One could almost hear the glee in Turkey when President Recep Tayyip Erdogan upended NATO consensus by declaring he would not support the Swedish and Finnish bids for membership of the alliance.
For Turkish political elites, this wasn’t a fractious president being difficult – it was a Turkish leader refusing to be a yes man for Europe.
“Are they coming to Turkey to try and persuade us?” Erdogan asked after both countries sent negotiators to Ankara to mollify the president. “Then they shouldn’t bother,” he declared.
After weeks of talks, both Sweden and Finland appeared to offer enough guarantees on the two issues Ankara was concerned about – support for Kurdish militants and restrictions on arms sales – for Turkey to relent. On Tuesday morning, both Nordic countries signed the accession protocols and formally began the ratification process.
For Erdogan’s supporters, this was a win all around. To them, it didn’t matter that Turkey had shown an unwillingness to back the alliance at a moment of deep peril, nor that some were openly asking if it were time to remove Turkey from the alliance.
“For NATO, Turkey is a disruptive ally,” declared The New York Times. Turkey’s combative president certainly doesn’t mind being the odd man out; he often appears to relish it. Rarely, however, is the question asked why Turkey is so disruptive to the alliance, and whether that disruption actually works in Erdogan’s favor.
There’s a past and a present reason for Turkey’s disruptiveness.
The past reason is that, up until the moment of Russia’s invasion of Ukraine, the North Atlantic Treaty Organization was in the midst of an existential crisis and didn’t know what it stood for. The ostensible reason for its founding, the Soviet threat, had long passed, and the alliance was stumbling, declared by French President Emmanuel Macron to be “brain dead,” and openly criticized by the previous American president.
This April, Donald Trump boasted he had threatened not to defend NATO allies from a Russian attack in 2018 – in essence undermining the Article 5 collective-defense clause that underpins the alliance. NATO had friends like that, but no clear enemy.
Against that backdrop, Turkey could pursue its own agenda, which appeared to be mainly picking fights with other NATO members – with Greece over islands in the Aegean Sea and with the US over its purchase of the Russian-made S-400 missile defense systems.
With no clear enemy, there was no clear strategy for the alliance, and so Turkey was able to use it as simply one more political forum through which to achieve its aims. Turkey couldn’t be accused of undermining the security of the alliance, because there was no one enemy – there were several threats, but these threats were not always viewed in the same way by NATO members, contributing to a sense of fracture and drift.
That was before. After the Russia invasion, NATO has once again found its footing. Indeed, these few months have been as crucial to the alliance’s sense of self as the aftermath of the collapse of the Soviet Union or the years of its birth. There is a renewed sense of purpose. Of threat. Of mission.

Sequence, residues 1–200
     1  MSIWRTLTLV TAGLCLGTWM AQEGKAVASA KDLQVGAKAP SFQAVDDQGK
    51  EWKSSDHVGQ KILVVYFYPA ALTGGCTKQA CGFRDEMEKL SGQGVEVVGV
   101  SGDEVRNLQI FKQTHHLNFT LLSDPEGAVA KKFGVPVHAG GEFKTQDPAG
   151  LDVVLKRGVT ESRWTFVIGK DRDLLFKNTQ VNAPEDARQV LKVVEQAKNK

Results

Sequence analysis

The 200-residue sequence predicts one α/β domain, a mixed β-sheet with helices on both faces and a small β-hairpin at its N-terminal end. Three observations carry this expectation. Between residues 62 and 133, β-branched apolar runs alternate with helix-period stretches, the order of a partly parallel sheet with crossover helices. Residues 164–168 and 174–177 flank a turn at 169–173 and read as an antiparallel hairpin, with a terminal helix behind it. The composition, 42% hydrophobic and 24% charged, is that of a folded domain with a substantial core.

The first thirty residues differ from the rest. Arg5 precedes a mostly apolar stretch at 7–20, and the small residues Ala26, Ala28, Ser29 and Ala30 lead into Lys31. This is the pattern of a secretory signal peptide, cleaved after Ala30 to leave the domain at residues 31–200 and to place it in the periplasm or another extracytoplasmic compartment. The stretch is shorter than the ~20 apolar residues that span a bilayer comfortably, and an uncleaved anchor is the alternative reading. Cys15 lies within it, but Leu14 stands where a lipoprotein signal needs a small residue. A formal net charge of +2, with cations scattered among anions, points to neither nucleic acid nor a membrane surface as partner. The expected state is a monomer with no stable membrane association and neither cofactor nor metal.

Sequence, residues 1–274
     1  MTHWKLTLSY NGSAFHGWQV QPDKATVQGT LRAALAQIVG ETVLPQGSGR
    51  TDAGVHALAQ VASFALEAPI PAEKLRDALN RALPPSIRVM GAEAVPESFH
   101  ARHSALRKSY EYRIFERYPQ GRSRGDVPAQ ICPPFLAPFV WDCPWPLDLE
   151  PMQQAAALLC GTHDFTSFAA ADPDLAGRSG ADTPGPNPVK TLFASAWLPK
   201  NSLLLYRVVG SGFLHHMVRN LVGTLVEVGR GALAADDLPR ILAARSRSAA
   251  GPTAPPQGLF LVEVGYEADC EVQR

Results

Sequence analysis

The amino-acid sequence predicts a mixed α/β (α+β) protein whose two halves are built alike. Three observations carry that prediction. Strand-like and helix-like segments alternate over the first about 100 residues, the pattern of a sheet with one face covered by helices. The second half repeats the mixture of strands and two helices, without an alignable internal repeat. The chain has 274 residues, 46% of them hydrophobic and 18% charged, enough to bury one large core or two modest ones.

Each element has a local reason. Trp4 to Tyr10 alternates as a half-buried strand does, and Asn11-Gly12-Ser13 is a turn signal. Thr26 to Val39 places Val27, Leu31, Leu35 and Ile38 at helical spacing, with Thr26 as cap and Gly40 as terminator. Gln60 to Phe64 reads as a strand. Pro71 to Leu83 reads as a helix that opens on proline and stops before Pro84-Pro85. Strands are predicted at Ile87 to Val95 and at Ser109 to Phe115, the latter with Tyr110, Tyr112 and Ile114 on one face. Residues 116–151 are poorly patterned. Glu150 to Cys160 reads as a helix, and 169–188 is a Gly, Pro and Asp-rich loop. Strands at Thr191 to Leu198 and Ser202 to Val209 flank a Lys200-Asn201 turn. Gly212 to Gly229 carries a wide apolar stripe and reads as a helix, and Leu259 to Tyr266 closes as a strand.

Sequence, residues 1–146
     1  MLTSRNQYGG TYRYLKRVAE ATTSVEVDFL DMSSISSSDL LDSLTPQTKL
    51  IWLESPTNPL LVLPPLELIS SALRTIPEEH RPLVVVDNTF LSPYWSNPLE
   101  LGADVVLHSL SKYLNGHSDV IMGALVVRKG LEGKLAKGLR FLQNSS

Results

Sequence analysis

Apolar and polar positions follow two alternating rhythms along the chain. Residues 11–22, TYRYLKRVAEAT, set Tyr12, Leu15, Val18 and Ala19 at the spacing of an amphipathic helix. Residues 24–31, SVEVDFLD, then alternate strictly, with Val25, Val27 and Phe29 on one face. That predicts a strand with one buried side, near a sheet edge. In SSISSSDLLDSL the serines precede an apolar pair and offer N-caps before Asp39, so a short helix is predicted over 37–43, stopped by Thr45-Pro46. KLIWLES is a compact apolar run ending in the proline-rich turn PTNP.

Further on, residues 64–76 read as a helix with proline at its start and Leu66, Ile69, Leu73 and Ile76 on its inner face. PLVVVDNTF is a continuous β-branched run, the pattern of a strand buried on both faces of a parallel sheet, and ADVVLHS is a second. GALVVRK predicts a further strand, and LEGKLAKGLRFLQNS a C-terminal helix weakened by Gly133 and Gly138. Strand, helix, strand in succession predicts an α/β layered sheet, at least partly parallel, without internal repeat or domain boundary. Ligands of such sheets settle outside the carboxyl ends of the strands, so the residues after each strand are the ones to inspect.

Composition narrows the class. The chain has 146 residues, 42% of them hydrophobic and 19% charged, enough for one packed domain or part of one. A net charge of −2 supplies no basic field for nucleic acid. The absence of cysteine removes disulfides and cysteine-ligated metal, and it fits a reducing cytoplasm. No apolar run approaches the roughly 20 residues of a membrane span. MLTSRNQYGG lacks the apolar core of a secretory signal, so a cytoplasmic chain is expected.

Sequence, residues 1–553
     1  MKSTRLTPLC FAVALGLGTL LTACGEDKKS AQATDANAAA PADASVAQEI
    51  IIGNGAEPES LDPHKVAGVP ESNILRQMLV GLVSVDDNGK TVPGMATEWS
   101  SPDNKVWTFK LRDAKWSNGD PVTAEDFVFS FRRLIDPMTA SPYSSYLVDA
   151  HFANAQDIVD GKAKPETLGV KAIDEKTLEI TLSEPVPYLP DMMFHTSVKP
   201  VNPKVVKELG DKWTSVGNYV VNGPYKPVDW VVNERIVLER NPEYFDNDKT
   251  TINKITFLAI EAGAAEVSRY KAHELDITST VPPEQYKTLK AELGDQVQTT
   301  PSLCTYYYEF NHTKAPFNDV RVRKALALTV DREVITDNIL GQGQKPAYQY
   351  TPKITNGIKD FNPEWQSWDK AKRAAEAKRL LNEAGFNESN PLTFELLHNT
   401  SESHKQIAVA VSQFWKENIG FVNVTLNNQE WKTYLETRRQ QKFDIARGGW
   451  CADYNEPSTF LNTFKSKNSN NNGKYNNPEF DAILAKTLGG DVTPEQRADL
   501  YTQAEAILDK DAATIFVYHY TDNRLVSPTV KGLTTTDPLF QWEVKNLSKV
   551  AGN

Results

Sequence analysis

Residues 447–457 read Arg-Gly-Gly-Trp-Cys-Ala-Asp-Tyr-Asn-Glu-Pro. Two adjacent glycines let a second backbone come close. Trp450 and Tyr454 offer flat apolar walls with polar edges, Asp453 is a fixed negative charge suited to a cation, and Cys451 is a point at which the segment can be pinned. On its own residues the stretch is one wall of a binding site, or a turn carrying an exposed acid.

And yet, Turkey is now different. The Turkey that joined the alliance in 1952 was a vital bulwark on the alliance’s southern flank and, with the largest army in Europe, would have been first in line against a hypothetical Soviet threat.
But Turkey has changed. It is no longer a lower-middle-income country willing to send its conscripts into someone else’s war. Turkey is proud of its defense capabilities, and its drone technology now has the proven ability to turn the tides of war.
Turkey wants to be respected as a member of NATO, at the moment when the alliance is grappling with a new future. Hence the disruption, born of a desire to be considered an equal, no longer a yes man.
Does such disruption give Turkey the status it desires? That’s a tricky calculation. In times of peace, or at least strategic stability, being a team player is the best option. But in a time of flux, disruption can lead to strategic gains.
That certainly appears to be Erdogan’s calculation. The Ukraine war has led to an astonishing and seismic shift on the European continent, all the more astonishing for being barely remarked upon.
For the first time in decades, Germany is rearming, setting up a special €100 billion fund to modernize its military. “We need aircraft, we need ships, we need soldiers,” German Chancellor Olaf Scholz told his parliament, to cheers and applause.
The sight of Europe’s largest economy rearming might once have sparked fear on the continent – but the world has changed since 1945, or even 1952.
For Erdogan, this is a moment to act and not merely quietly say yes. It’s a gamble that has paid off for now, and one that suits his decisive, if not always measured, personality. He has learned, after all, from the reshaping of the conflict in northern Syria, that whoever acts fastest and most decisively shapes the terrain.
This article was provided by Syndication Bureau, which holds copyright.
Faisal Al Yafai is currently writing a book on the Middle East and is a frequent commentator on international TV news networks. He has worked for news outlets such as The Guardian and the BBC, and reported on the Middle East, Eastern Europe, Asia and Africa.